Jan. 2, 2019, © Leeham News: Boeing dominated the Top 10 news stories last year, as measured by views.
Displacing Airbus at Hawaiian Airlines, which ordered the 787-9 and canceled the A330-800, led the readership.
Airbus’ launch of the A350-900ULR came in second.
Here are the Top 10 stories on Leeham News for 2018:
The 787-8 was plagued with design and production issues. By the time Boeing fixed all of them, production commonality between this model and the larger -9/10 models fell below 50%.
This meant higher production costs and inefficiencies. Last year, Boeing redesigned the aft portion of the fuselage to become common with the larger siblings. This reduced cost and increased production efficiencies. This article tells the story.
Boeing hailed the development of the 777X as a great advancement. Officials touted the 777-9 as significantly more efficient than the Airbus A350-1000. This comparison, of course, is unfair and a classic case of apples-to-oranges, since the 777-9 carries about 60 more passengers than the -1000.
Boeing also claimed the 777-8 is more economical than the A350-1000, a claim backed neither by LNC’s analysis nor by airlines we’ve spoken to who have done their own evaluation.
There are only 326 firm orders from a handful of customers. There hasn’t been a sale (as of this writing, before Christmas) since 2017. Orders are highly concentrated with the Big 3 Middle East airlines, Emirates (150), Etihad (25) and Qatar (60). These represent 72% of the orders.
Emirates and Etihad previously rescheduled some deliveries and Etihad reportedly wants to cancel some or all of the orders as it restructures. The “bridge” between the 777 Classic and the 777X is now longer than planned.
Grounded 787s had been piling up for months across the globe due to problems with the Rolls-Royce Trent 1000 engines. So many engines were involved that Rolls-Royce couldn’t fix or replace them fast enough.
The Federal Aviation Administration was compelled to restrict ETOPS certification, which is the amount of time a 787 can be from an airport on one engine, until fixes or replacements were made.
Airlines had to lease in A330s, 777-200ERs and even 747-400s to make up for the airplane that were grounded, many for months at a time.
It was a story that puzzled everyone: Boeing filed a complaint with the US Department of Commerce that Bombardier’s deal with Delta Air Lines to order the CS100 (now the A220-100) was illegally below cost.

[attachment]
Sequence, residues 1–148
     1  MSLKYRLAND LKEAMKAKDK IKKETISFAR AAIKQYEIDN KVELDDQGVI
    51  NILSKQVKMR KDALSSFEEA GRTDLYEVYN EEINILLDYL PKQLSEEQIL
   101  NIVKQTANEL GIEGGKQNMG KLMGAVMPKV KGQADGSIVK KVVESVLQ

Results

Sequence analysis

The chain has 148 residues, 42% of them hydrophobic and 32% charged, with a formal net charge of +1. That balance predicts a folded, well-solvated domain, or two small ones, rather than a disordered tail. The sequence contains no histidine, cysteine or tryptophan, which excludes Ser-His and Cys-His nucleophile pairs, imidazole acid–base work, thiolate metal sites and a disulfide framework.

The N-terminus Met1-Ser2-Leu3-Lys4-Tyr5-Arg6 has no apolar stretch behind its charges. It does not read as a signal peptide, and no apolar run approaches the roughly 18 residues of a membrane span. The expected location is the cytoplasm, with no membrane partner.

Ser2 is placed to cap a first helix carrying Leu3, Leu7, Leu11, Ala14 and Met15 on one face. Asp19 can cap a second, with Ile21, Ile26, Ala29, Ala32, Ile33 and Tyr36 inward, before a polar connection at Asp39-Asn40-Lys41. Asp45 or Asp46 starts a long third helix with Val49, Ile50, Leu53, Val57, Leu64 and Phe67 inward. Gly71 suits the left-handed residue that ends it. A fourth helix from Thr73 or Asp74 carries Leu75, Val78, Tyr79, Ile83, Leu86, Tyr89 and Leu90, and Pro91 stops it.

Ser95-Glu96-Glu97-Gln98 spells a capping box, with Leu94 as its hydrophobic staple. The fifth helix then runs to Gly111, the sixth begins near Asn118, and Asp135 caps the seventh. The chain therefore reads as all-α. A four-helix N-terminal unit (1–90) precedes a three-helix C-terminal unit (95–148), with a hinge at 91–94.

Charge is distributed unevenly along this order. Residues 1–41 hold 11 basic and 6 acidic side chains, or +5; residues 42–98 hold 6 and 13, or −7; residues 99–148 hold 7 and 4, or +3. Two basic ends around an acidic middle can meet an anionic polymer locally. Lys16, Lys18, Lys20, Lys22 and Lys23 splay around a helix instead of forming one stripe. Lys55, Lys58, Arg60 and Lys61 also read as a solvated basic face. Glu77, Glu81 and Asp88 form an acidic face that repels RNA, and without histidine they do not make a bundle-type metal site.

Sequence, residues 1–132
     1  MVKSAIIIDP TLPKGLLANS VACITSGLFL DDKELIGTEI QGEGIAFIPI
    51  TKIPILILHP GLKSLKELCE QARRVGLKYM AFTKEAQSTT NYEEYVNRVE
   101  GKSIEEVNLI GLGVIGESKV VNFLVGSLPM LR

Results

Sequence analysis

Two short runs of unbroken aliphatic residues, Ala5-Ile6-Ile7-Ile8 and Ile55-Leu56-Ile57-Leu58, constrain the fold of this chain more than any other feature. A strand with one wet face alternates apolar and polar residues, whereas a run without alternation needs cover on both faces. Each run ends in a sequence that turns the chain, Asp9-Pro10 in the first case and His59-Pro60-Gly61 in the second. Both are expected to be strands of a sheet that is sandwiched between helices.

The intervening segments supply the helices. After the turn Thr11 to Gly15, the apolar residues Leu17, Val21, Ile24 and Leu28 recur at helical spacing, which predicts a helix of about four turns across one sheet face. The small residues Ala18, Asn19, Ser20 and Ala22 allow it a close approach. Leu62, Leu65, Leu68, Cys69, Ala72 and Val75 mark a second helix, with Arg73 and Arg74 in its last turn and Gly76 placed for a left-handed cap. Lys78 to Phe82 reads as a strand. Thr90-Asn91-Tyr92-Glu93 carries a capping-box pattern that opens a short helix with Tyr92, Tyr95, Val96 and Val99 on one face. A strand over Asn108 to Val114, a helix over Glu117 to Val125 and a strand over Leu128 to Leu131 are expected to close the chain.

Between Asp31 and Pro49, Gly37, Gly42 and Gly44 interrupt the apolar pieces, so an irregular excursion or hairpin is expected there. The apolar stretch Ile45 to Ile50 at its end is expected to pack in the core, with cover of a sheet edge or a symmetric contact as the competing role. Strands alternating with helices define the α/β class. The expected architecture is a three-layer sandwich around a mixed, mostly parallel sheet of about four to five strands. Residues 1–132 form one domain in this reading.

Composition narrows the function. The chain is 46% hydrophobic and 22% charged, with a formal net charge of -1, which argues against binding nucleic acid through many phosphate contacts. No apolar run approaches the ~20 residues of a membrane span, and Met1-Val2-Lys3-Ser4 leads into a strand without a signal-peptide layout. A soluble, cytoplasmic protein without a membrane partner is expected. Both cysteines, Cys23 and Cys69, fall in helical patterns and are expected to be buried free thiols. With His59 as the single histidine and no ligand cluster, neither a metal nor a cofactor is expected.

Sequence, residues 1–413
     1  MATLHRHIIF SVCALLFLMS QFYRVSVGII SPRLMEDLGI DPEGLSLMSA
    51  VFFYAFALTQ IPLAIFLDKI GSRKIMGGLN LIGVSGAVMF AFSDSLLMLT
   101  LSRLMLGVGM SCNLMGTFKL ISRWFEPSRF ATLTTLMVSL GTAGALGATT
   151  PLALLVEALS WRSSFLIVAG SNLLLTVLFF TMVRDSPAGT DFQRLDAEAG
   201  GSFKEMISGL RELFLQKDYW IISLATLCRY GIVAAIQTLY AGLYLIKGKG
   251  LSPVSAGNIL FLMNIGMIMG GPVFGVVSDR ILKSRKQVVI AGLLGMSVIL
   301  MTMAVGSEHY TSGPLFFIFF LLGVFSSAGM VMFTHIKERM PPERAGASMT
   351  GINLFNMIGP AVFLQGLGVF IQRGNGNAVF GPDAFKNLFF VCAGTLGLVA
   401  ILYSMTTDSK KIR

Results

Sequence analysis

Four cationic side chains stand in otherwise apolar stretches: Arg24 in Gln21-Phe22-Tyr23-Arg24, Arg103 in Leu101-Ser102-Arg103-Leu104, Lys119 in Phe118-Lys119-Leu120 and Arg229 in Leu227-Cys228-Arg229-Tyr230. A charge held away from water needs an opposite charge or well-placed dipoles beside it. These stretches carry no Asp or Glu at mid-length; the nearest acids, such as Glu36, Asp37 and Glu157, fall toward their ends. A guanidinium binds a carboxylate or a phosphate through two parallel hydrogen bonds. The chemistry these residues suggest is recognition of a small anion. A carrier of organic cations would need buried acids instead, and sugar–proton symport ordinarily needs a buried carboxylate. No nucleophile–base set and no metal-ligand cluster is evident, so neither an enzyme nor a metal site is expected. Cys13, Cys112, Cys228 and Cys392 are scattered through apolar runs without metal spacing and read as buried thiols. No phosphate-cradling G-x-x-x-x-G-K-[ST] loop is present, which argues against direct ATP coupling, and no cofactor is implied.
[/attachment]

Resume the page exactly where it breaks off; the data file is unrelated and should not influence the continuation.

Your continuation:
If allowed to stand, Boeing claimed, the CSeries would kill the 737-7, which would kill the 737-8, which would kill Boeing, which would kill the entire US aerospace industry.
It was a preposterous claim on many accounts. Nevertheless, Donald Trump’s Commerce department found for Boeing and levied a 292% tariff on the plane. Commerce completely ignored the realities of how airplanes are sold in the process.
The International Trade Commission had to find harm to Boeing in order for the tariff to take place. In a stunning rebuke to Commerce and to Boeing, the ITC on a 4-0 vote found no harm to Boeing.
Boeing elected to not appeal the decision.
There have been fewer than 70 Boeing 737-7s sold, 30 of them to Southwest Airlines.
Seven are scheduled for delivery to Southwest, which deferred 23 for four years.
Many observers believe Southwest eventually will swap most or all of the -7s for the larger 737-8s. But last year, CEO Gary Kelly said he saw 60% of Southwest’s fleet becoming the -7.
Only time will tell.
The first A350-1000 was delivered to Qatar Airways last year. In the runup to the delivery, Airbus officials dismissed the viability of the 777-9—an unsurprising position, given Boeing’s oft-stated claim the -9 is more competitive than the -1000 (see story #9).
First, it was Hawaiian Airlines that flipped from Airbus to Boeing. A short time later, American Airlines also flipped.
It was an embarrassing and disappointing move for Airbus, but hardly unexpected.
American’s decision to order 47 787s replaces the A330-200/300 and 767 fleets. It also avoided introduction of a new fleet type, the A350-900.
Fleet simplification around the 787 (at the time, 35 of 42 orders already had been delivered) was the only decision that made sense.
Lion Air’s crash of flight 610, a three-month old 737-8, revealed that a flight control modification made in the MAX from the 737NG apparently wasn’t highlighted to the airline’s pilots.
This story, by LNC’s Bjorn Fehrm, a former fighter pilot and an aerospace engineer, explains the system involved.
Singapore Airlines for years operated the world’s longest flight: Singapore to New York/Newark, using an Airbus A340.
When fuel prices spiked well above $100/bbl, the A340 became uneconomic and the route was discontinued.
With the creation of the A350-900ULR (Ultra Long Range), Singapore reopened the route.
The move by Hawaiian Airlines to cancel the A330-800 order in favor of the Boeing 787-9 had been rumored for months.
At the time, Hawaiian was the only customer for the -800. Boeing wanted to displace the order in hopes of killing the A330neo program, in addition to the satisfaction of giving Airbus a black eye.
Boeing succeeded with the latter. It didn’t with the former.
This means Airbus will be able to exert price pressure with the -800 on the prospective Boeing 797, a program widely expected to be launched this year.